Going back to the question of the viability of Anarchy, does this mean that it would only be superior to a government in the cases where the laws and regulations have compounded to the degree that a net loss of rules is incurred? Only if one assumes that there are no rules under Anarchy, which is a common belief, albeit misguided. Even if there were no laws or rules at all in a given Anarchistic society, the residents could arm themselves as they pleased without being bothered by restrictions imposed by a government, and they would thus have the opportunity to acquire security by protecting themselves and their family in that sense.
A lot of literature has, however, been dedicated to explaining and delineating how Anarchistic societies theoretically can and historically has developed rules and security. For example, as Morris and Linda Tannehill (1970) have suggested, people could purchase private security services from firms willing to offer such, and “Conflicting claims would be settled by bringing them before private arbitration agencies for binding arbitration.” This means, in short, that substituting Anarchy – in the real sense of the term – for a State would not mean having no security, but on the contrary to have competition in security and arbitration rather than a monopoly. A lot of objections may be levied against this position, questioning the viability thereof, but as we’ll see below, the Tannehills and others tend to have thought well through most of these.
What makes the actions of the private security firms “legitimate”?
Assuming as a starting point that self-defense is permissible to fend off someone aggressing against one’s body or property, one could also justly delegate this right to another (i.e. the private security firm) to act on one’s behalf. One could opt out of the service and the costs thereof if one didn’t consider them to act on one’s behalf any longer, or if the costs ended up exceeding the benefits. None of this is the case with State security, where their “authority” and “legitimacy” is derived from the delegation of “rights” that the voters don’t have (i.e. to aggress against people through extortion, theft, kidnapping, murder, etc.), and not paying one’s premiums through taxes is met with violent aggression rather than no longer being able to receive a service like State security.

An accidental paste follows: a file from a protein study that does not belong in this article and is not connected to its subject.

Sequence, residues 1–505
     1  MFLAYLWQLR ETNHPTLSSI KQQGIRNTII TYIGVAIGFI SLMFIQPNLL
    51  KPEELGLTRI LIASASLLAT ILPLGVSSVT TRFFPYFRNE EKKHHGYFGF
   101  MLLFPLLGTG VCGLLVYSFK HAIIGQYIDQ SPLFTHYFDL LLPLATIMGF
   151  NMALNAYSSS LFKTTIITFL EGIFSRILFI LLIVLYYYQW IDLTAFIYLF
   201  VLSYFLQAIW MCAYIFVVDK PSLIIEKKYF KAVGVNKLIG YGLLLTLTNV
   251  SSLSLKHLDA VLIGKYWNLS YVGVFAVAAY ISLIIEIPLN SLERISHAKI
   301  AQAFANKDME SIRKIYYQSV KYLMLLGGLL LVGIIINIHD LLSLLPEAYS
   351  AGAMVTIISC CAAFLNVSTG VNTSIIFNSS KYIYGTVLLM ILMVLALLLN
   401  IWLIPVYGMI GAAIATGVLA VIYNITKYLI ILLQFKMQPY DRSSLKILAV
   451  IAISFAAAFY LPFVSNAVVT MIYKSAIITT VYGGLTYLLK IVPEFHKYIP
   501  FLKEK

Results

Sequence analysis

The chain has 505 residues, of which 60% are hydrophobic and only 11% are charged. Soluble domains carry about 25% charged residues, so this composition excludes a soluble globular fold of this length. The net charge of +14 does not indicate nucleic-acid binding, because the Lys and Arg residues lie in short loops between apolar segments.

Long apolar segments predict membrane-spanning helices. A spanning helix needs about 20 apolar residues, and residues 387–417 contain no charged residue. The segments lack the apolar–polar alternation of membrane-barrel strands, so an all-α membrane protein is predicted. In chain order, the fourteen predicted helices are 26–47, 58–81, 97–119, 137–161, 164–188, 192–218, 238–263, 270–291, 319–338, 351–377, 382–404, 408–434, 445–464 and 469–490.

What if private security firms become corrupt and violent?
Private security firms, may, like State security, become corrupted and end up acting against the interests of the clients. There are reasons to believe, however, that this would be far less likely to occur with the former than the latter. State security is a monopoly, and one can thus expect by applying economic theory on the issue that that’d lead to higher costs and lower quality (Kløvning, 2019e). On the contrary, under Anarchy, private security firms would be competitive, and one would accordingly be able to choose a different one if the costs turned out to outweigh the benefits. If a firm tried to start operating as a State, for instance, by demanding the premiums be paid whether one wanted the service or not any longer, and aggressed against people rather than just enacting the act of self-defense delegated to them, this could severely harm the firm’s reputation as it would not be seen as “legitimate” like the State has managed to make people believe. Other private security firms could then be hired to fend off such an aggressor, whether they purport to represent a private security firm or just a lone burglar.